We spent today over in Haddington with my brother Steve and his wife Kate. It was a really lovely time, spent walking around the old market town and visiting one of the lovely beaches that are all over the coast thereabouts.
Haddington is a quiet market town these days, but this was not always the case. It was at one time the fourth biggest city in Scotland, after Aberdeen, Edinburgh and Roxburgh.
As we walked back to Steve and Kate’s house, I noticed a little set of stone stairs, all overgrown and boundaried by old railings. It seemed to lead up to a platform under an old tree. Further investigation revealed a stone monument…
It was hard to read, but basically it commemorated the birthplace of John Knox, protestant reformer, scourge of the unrighteous, whose memory is marked by a far more visible column that towers over the city of Glasgow;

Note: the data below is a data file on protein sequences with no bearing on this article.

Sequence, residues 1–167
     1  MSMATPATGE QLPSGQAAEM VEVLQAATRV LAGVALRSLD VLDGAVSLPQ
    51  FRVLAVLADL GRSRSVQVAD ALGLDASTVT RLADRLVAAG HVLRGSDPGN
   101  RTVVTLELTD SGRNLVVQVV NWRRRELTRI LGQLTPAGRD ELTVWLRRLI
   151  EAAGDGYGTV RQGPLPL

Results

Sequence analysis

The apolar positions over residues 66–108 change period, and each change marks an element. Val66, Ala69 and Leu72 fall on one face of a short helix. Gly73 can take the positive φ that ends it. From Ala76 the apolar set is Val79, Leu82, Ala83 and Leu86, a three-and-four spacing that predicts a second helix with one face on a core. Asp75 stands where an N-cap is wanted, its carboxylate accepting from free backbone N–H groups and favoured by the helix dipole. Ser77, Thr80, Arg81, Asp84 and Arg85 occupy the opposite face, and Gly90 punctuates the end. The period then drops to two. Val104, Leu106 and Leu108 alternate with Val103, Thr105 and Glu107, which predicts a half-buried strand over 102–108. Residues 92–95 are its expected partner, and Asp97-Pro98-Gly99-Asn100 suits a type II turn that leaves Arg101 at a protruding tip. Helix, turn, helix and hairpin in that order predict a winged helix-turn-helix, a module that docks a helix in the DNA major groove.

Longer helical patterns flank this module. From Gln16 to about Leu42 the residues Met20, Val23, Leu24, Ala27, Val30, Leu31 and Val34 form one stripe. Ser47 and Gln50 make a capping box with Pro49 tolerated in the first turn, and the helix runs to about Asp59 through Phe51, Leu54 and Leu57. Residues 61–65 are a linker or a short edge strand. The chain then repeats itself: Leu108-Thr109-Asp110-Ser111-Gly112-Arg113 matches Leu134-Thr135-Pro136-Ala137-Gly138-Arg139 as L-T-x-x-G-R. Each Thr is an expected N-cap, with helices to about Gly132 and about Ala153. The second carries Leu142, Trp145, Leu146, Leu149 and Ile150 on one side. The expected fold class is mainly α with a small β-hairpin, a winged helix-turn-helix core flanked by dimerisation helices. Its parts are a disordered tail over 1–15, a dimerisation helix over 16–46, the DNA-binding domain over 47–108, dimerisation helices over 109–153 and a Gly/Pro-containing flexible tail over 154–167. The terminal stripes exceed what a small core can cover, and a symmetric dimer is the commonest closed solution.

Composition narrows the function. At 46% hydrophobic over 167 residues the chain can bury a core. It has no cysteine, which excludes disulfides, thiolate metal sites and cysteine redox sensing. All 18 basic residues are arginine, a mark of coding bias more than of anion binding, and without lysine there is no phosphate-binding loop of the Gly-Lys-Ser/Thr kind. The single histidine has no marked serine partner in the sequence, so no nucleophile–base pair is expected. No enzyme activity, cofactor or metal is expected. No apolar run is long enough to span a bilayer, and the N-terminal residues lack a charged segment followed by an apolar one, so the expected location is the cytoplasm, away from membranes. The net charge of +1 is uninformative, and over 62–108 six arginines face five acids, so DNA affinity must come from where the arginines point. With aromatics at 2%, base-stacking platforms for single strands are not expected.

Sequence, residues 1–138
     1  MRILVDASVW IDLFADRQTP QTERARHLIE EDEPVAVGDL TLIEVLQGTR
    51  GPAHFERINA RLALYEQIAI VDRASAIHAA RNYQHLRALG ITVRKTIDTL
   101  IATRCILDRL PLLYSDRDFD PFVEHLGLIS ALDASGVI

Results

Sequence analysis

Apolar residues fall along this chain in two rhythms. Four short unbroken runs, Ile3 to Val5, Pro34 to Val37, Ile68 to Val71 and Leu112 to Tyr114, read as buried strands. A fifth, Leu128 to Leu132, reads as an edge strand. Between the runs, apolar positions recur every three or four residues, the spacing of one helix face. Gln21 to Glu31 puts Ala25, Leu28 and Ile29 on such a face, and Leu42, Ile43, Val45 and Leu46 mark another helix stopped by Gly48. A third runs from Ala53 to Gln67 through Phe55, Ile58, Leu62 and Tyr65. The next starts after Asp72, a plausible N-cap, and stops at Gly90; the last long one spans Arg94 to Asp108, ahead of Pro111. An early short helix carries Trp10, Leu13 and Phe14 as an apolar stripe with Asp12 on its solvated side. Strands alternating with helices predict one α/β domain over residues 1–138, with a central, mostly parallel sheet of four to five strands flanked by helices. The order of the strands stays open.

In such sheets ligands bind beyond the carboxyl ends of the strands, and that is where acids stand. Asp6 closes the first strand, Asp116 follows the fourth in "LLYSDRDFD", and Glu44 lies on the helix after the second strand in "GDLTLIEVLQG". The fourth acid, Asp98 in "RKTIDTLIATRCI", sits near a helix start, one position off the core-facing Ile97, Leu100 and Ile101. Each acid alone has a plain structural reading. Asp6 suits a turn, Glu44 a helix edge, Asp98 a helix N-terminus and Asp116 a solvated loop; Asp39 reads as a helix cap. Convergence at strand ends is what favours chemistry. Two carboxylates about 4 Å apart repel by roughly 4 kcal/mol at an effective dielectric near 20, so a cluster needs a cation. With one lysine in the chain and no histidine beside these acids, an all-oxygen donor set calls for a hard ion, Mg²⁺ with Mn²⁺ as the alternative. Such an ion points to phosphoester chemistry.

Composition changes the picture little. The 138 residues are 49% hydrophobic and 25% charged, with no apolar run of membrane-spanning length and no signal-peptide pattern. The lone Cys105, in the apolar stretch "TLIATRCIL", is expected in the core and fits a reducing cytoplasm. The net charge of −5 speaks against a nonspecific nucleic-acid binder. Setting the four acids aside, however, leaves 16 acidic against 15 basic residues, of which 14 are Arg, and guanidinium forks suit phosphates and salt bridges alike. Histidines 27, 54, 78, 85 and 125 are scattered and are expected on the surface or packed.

Knox lived a long and colourful life. His reforming zeal burst into a political/religious powder keg and led to armed revolution and murder. Ends justified the means. The Prince of Peace required the intervention of armed mobs.
And it all started in Haddington, when Knox was born a farmer’s son, and lost his mother early. Perhaps in a different place, with a happier childhood…
Today it all seemed to me to be sad, and a little absurd. I found myself asking again what good came out of all this religious warfare. Was any of it necessary? Is there anything that we can still be proud of with the benefit of hindsight?
Knox himself seems to scowl out at us from the pages of history. What kind of splenetic wrath would he subject us to if he could but see the outcome of his reformation?
Meanwhile the sea rolls over the beach and grains grow finer. And I seem to have fewer answers.
And that is OK.